The Wonderment and Exhaustion of National Novel Writing Month

It’s time for another guest post! Today the brilliant and hilarious Briana Hansen writes about the recovery process and how it feels to finish NaNoWriMo! If you’re looking for the intro, Matt Finger introduced us to National Novel Writing Month here. If you like what you read in this post you can check out more from Briana here and follow her on Twitter (trust me, it’s a treat).

The book cover!

The book cover!

As I write this, it’s late in the morning and I’m lazily and slowly convincing myself I need to get up and be productive with my day. I’ve moved pretty slow in the mornings throughout the last couple weeks in December. And part of that is because I’m still recovering from pushing myself hard last November for National Novel Writing Month.

National Novel Writing Month, or NaNoWriMo for short, is a great opportunity for anyone who says they think they have a book idea. It’s an online community that connects you with other budding novelists both in your own community and across the word. And throughout the month of November, all of you write your novels. You sit on your tookus. You drink your coffee. And you type your little heart out.

And the NaNoWriMo organization sends encouraging emails and pep talks to remind you you’re not in this alone. There are local groups that meet up and write together. You can really get involved if you want to.

I didn’t get too involved. I just forced myself to get up early every day and write for about and hour. That’s all it took for me. About one hour per day to create the first draft of my novel, Cartoon Confessions. And I vlogged about the experience every day as well to share my journey with whoever wanted to watch it online.

Sure, it was a little time-consuming in my already tight schedule. But it was so worth it.

The hardest part of any creative pursuit is the actual process of doing it. Funny enough, that’s also the easiest part. Once you sit down and let your mind start to go, you’ll find that the words just flow through you. But getting yourself to actually sit down and being protective of your creative time and convincing yourself to do it even when you think you have a thousand other things you need to work on- that’s the hard part.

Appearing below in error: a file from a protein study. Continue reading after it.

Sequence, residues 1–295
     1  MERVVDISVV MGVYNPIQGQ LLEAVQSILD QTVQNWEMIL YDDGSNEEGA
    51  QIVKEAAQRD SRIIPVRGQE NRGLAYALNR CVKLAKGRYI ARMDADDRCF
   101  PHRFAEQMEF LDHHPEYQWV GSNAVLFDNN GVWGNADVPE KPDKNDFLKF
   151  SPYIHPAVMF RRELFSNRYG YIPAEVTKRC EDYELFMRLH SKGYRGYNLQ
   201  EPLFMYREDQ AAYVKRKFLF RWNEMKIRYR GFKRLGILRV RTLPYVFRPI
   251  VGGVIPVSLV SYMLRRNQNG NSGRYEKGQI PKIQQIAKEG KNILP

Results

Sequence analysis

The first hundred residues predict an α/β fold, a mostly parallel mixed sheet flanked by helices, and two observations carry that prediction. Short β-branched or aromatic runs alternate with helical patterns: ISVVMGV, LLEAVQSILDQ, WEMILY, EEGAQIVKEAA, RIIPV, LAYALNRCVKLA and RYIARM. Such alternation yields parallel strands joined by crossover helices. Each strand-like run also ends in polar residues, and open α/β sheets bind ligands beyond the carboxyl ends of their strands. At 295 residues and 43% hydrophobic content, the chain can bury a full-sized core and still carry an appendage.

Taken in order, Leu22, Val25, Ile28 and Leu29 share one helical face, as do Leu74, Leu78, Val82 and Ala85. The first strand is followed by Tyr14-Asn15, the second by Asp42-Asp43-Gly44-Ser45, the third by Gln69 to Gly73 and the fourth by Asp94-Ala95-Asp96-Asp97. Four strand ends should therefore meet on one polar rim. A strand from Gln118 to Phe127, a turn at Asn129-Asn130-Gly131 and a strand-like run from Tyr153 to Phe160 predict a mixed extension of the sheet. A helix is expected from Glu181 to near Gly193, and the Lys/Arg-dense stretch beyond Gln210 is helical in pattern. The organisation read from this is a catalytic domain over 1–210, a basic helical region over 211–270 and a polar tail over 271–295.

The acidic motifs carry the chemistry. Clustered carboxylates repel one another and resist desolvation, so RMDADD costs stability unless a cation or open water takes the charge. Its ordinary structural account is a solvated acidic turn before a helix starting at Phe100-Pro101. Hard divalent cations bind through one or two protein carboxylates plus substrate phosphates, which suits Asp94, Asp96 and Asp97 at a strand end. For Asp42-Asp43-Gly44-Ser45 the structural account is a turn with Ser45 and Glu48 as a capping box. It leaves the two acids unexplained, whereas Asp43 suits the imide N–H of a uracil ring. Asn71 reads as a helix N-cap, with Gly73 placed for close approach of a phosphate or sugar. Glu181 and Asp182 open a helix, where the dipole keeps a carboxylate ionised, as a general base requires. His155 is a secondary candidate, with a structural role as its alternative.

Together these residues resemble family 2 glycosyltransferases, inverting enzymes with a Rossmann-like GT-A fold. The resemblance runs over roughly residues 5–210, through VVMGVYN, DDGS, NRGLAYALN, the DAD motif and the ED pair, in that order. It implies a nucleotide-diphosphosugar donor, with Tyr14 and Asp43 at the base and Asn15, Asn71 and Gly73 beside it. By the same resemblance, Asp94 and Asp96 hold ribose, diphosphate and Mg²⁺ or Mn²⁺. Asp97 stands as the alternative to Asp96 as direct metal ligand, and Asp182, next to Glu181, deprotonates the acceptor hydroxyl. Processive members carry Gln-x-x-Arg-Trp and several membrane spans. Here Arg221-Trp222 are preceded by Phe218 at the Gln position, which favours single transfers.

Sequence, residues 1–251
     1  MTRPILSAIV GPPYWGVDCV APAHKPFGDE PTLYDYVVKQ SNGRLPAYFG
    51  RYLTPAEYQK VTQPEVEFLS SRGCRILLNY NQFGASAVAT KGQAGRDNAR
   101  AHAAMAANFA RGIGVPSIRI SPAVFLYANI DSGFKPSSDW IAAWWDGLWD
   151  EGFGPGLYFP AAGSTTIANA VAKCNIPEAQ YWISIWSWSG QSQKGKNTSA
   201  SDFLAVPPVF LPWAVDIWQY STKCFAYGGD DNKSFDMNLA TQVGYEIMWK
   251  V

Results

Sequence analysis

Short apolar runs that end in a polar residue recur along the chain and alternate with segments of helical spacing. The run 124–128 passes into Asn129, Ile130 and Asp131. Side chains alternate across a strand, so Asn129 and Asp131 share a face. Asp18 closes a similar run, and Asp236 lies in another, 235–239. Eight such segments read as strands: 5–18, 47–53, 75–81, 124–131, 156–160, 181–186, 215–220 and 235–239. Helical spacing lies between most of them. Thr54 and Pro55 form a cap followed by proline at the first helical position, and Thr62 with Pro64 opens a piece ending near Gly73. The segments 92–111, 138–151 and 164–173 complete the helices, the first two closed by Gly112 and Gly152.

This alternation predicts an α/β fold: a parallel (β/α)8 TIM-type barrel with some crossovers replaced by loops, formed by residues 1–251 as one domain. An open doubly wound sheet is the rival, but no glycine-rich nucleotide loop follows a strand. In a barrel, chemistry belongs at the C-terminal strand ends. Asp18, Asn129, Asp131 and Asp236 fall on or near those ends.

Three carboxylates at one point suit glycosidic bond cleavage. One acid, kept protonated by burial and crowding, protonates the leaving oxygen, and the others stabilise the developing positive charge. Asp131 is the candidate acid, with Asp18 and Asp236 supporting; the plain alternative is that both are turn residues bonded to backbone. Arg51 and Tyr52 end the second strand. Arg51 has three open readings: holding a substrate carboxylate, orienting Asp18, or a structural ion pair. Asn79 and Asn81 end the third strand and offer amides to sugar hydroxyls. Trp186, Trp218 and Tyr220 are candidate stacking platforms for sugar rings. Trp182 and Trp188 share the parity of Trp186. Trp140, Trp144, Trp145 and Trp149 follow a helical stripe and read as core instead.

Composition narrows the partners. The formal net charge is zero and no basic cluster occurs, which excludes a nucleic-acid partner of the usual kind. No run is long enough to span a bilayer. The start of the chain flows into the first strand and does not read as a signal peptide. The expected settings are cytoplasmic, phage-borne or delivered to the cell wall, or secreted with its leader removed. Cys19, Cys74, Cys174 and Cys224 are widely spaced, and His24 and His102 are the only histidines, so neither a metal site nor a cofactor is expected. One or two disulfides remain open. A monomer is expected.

So now, after a month, I have a first draft of my first novel, Cartoon Confessions. And I am beyond excited. There’s still tons of work to do on the novel- editing, revamping, etc- but that will be easy. I know to just take a little time each day and focus, and eventually that thing will be on bookshelves.

I have a very creative mind and overactive imagination. I get ideas all the time. I have at least ten more novel ideas that are floating in my head right now. I have ten more written on post-it-notes above my desk. I create content all the time. I maintain an active blog. I perform daily. At the same time I was writing Cartoon Confessions, I was wrapping up edits to a 10-episode web series I wrote and am currently working on producing.

So it’s not like I was doing NaNoWriMo to have a creative outlet. I create constantly. I was doing NaNoWriMo for the same reason I run half marathons. To prove to myself that a little bit of training every day can pay off in the end. And, of course, to practice not quitting. So that’s exactly what I did.

And I suggest you do it, too.



Cartoon Confessions is expected in Spring 2014. It is Briana’s first novel. Visit for more information on this and many more of Briana’s creative projects. 

Read it or Skip it: November books!

Ah! Books, books, books and more books! Must be another installment of Read It or Skip It! Here are the books I read in the month of November, a month I dedicated to cleaning out my to-read shelf as much as possible. So, without further ado…

‘The Strange Case of Dr. Jekyll and Mr. Hyde’ by Robert Louis Stevenson

Read it if you like an old-timey psychological thriller and British literature
Don’t skip it! It’s so short and I was amazed how much I liked it!

‘Sarah’s Key’ by Tatiana de Rosay

Skip it. It’s an interesting premise, but the narrative doesn’t quite deliver. Also, there were certain scenes that really upset me.

‘Gods Behaving Badly’ by Marie Phillips

Read it if you like cheeky twists on Greek mythology
Skip it if you don’t appreciate a dry, British sense of humor or cheesy endings

‘East of Eden’ by John Steinbeck 

Read it because it will make you a better human being. It’s amazing as everyone says.
Don’t skip it.

‘Slam’ by Nick Hornby

Read it if you like Nick Hornby and stories of teenage parents
Skip it if you hate skateboarding or teenage male protagonists

‘Norwegian Wood’ by Haruki Murakami

Read it if you like coming of age stories or always wanted to read Murakami and didn’t know where to start
Skip it if you’re squeamish to sexytimes, suicide, and mental illness

Not as many this month. East of Eden was a challenge, but so worth the time. The holidays are coming up and this gal has already finished all her Christmas shopping, which gives me loads of time to read. 🙂